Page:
While the U.S. continues to fight to overcome the pandemic that has claimed more than 40,000 lives, shut down our economy, and shuttered hundreds of small businesses, there is another battle many are having to prepare for—the battle between businesses and insurance companies. Business owners in Kansas and all other states in the U.S. are all dealing with the same issue. Their insurance companies don’t want to cover their business interruption claims stemming from COVID-19 losses.

But isn’t business interruption insurance meant to be utilized when businesses are forced to close due to an emergency, natural disaster, or catastrophe?

While insurers acknowledge that business interruption insurance does provide coverage to businesses that suffer a loss due to a fire or other natural disaster, they say they don’t cover pandemics. In fact, many insurance companies say they began adding bacteria/virus exclusions to their policies in 2006 after the SARS outbreak. The only way a policyholder is likely to get their business interruption claim approved without the help of a skilled Kansas insurance claim denial attorney is if they can prove physical loss or damages, which are typically caused by storms, fires, or other types of natural disasters.

But many business owners say that they have identified COVID-19 molecules on their premises and argue that this constitutes as physical damage, hence, their claim should be covered. While it is clear both business owners and insurers have taken a firm stance on the matter, the decision on whether COVID-19 claims should be covered will be one that will need to be made in court.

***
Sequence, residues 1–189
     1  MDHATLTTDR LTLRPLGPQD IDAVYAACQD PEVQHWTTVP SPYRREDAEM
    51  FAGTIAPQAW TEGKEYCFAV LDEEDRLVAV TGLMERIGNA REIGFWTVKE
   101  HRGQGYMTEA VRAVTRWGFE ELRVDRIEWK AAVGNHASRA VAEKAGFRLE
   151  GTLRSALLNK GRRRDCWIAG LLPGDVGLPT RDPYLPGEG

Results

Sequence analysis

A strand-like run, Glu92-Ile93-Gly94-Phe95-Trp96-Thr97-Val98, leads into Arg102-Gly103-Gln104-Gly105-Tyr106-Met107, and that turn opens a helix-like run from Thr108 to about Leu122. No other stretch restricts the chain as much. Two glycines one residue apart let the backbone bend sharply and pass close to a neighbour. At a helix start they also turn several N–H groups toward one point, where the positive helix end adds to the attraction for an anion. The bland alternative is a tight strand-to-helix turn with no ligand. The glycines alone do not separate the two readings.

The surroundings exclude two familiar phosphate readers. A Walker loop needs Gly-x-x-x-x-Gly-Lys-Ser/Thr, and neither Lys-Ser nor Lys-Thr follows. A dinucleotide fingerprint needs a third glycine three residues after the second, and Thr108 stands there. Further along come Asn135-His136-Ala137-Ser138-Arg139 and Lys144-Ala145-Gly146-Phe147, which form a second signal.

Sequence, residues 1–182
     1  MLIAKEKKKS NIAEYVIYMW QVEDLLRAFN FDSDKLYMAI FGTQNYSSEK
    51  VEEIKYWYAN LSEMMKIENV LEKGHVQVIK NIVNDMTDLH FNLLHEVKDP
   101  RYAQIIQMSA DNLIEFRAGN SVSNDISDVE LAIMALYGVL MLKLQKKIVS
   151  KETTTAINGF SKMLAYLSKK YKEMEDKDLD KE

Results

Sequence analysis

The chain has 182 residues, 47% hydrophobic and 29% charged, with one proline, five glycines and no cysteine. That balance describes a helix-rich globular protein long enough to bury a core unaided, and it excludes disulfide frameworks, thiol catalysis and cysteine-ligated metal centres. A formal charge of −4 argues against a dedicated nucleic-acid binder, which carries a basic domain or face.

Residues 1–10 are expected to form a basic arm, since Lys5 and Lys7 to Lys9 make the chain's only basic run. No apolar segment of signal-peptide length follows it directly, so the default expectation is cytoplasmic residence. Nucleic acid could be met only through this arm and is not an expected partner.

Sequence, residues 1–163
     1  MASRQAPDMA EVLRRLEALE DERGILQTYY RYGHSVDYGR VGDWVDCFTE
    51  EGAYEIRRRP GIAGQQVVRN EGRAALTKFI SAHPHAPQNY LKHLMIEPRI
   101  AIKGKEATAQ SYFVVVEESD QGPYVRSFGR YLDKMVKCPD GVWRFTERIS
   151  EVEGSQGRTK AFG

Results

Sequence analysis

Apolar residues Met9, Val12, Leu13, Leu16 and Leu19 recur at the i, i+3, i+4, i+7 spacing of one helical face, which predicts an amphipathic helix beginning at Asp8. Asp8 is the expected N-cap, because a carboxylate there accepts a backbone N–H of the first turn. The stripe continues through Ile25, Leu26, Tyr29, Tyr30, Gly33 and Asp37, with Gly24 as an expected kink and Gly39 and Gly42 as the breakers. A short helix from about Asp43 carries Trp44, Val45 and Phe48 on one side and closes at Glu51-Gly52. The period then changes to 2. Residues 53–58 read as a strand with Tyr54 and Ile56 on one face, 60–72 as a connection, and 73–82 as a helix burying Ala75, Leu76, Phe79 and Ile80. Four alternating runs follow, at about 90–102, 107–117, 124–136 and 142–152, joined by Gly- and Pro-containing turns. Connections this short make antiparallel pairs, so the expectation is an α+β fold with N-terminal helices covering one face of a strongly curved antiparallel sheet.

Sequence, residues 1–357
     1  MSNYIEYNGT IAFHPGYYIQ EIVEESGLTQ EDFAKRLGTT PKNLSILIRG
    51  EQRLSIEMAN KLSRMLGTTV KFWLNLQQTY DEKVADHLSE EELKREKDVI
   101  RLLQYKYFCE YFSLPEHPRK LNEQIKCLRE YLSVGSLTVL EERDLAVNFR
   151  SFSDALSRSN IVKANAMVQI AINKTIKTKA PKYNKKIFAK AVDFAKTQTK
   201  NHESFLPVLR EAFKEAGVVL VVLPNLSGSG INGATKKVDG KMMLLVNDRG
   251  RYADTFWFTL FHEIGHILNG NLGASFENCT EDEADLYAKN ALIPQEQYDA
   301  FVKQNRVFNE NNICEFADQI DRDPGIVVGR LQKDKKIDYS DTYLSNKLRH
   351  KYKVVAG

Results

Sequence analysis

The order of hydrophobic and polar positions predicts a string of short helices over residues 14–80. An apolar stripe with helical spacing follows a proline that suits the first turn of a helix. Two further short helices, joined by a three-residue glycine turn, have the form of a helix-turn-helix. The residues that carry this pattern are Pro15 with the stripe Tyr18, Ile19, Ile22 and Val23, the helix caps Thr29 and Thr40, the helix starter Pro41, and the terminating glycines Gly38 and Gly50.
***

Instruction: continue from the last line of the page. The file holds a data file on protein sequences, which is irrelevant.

Insurers Worry that Paying COVID-19 Claims Could Result in the Industry Going Bankrupt

 

Although insurers allege that they are denying business interruption claims merely because they don’t cover pandemics, there seems to be a bigger issue at play that might be affecting how insurers are reacting to COVID-19 claims—they don’t want to go bankrupt. Each month, businesses are collectively losing billions of dollars, enough to wipe out the insurance industry’s surplus. Rather than lose their financial lifeline, insurers instead are saying that policyholders are “not entitled to coverage that is beyond the scope of their contracts” [Source: Reuters].

 

Regardless of what contracts say, insurers are likely to deny business interruption claims.

 

So, what do you do if you own a business in Kansas that has suffered a substantial loss due to COVID-19? You contact USAttorneys.com to help you locate and hire a Kansas insurance claims attorney to assist you with the claims process from the start. Because insurance companies are denying claims, even when a policy includes a clause that allows for coverage for viruses and epidemics, it’s best you retain a legal expert from the start as you are likely going to face an uphill battle with your insurer.

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